HC Deb 18 June 1973 vol 858 cc16-8
14. Mr. Douglas

asked the Secretary of State for Trade and Industry if he will make a statement on discussions between his Department and European Governments regarding a common energy policy.

The Secretary of State for Trade and industry (Mr. Peter Walker)

The Government maintain close contact with our European partners on energy matters. both through EEC institutions and bilaterally. On 22nd May, as my right hon. Friend the Chancellor of the Duchy reported to the House on 23rd May, the Council of Ministers considered a range of energy policy issues. My hon. Friend the Minister for Industry attended the meeting and certain specific items were agreed, and the Commission was invited to come forward with further proposals on other matters by the end of the year.—[Vol. 857, c. 473–90.]

Mr. Douglas

Will the right hon. Gentleman tell us how he can have meaningful discussions with the Community and other institutions on energy policy before presenting to the House an indication of the energy mix that we are likely to have in, say, 1980? Will he assure the House that we are unlikely to alter our licence agreements to meet any demands that the Commission might place upon us until we are sure that our offshore supply industry can get the same take from these fields as other countries, such as France and, perhaps, Norway, have from their industries?

Mr. Walker

On the energy scene the Government have announced and made clear their decisions on a whole range of specific issues in the nuclear, oil and coal industries. The Government have repeatedly made clear that the oil finds are national assets and will be used to bring the maximum benefits to the United Kingdom's economy.

Mr. Skeet

Will my right hon. Friend work out a co-operative arrangement through the EEC or the OECD? If so many of these countries have similar interests, and we have the coal and energy that the European countries have not, are we to dilute our purpose to accommodate them?

Mr. Walker

There is a wide range of energy matters concerning both the Common Market and other countries in the Western world on which sensible collaboration and discussion of ideas is important. We have discussed these matters in both the OECD and the Community.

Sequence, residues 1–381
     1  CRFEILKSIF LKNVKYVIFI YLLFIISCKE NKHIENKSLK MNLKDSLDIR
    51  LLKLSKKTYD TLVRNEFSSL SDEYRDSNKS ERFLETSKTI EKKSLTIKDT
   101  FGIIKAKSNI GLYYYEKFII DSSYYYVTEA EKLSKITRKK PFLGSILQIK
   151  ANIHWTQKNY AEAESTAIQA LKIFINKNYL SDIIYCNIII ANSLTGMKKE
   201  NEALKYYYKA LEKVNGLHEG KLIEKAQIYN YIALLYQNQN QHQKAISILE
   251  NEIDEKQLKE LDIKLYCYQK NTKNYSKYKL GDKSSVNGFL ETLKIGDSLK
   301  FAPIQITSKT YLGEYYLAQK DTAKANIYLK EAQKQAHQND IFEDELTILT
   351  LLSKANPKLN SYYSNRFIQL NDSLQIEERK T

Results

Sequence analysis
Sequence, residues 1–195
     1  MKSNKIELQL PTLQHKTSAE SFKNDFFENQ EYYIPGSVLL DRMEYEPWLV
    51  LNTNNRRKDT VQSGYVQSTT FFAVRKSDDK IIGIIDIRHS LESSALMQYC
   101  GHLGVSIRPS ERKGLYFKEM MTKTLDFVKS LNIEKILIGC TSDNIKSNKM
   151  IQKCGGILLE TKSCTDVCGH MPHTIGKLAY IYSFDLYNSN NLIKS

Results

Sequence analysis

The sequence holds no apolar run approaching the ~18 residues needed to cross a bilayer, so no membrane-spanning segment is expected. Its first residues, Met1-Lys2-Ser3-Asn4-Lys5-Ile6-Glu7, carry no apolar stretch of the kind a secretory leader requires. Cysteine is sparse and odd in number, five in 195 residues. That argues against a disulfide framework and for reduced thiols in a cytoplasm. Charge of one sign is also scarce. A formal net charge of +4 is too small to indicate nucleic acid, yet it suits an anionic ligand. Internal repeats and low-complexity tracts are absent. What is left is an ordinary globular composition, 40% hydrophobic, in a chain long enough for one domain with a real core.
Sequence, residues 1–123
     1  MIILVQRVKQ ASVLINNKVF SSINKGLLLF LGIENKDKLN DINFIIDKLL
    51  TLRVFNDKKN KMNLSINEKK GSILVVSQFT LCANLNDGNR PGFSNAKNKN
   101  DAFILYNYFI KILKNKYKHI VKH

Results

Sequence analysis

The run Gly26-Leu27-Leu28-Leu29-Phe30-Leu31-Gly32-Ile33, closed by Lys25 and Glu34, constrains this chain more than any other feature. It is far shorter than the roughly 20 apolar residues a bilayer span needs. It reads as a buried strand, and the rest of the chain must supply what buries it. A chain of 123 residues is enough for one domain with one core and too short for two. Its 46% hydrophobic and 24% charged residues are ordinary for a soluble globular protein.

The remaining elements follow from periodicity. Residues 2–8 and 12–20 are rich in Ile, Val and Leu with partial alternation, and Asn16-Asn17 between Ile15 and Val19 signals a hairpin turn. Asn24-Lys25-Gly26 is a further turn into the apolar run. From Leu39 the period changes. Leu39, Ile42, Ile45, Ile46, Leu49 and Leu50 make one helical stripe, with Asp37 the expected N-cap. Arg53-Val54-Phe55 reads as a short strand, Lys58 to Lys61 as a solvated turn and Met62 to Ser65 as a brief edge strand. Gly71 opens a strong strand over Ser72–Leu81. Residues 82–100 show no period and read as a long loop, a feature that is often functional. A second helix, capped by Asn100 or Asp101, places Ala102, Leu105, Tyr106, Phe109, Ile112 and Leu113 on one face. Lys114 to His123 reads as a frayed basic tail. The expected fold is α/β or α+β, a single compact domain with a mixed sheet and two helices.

Mr. Eadie

I think that the right hon. Gentleman will be aware that his right hon. Friend the Chancellor of the Duchy of Lancaster was questioned by me on this aspect of energy policy. Does he agree that statements being made in Europe, for example, that North Sea oil is European oil are causing concern in this country? Does he also agree that it is time that this House was informed about the Government's policy towards Europe and that, if there has to be a European energy policy, it should be informed, and we should indeed debate it?

Mr. Walker

The House will be kept constantly informed as talks take place. The oil and gas deposits on the Continental Shelf were not discussed at the Council meeting. The Government have repeatedly made it clear that these are national assets which will be used for the benefit of our economy.

Mr. Edward Taylor

There is no doubt about the ownership of the oil, but would it be helpful now, or in the near future, for the Government to make clear the extent to which they believe Europe should participate in decisions on the use and development of North Sea oil?

Mr. Walker

I repeat that this is a national asset of the United Kingdom. Concerning co-operation on energy matters—not only oil, but nuclear energy, coal resources, and others—it is obviously vital for Europe as a whole and the British economy that we have an energy policy that ensures that the industries of Europe are kept moving.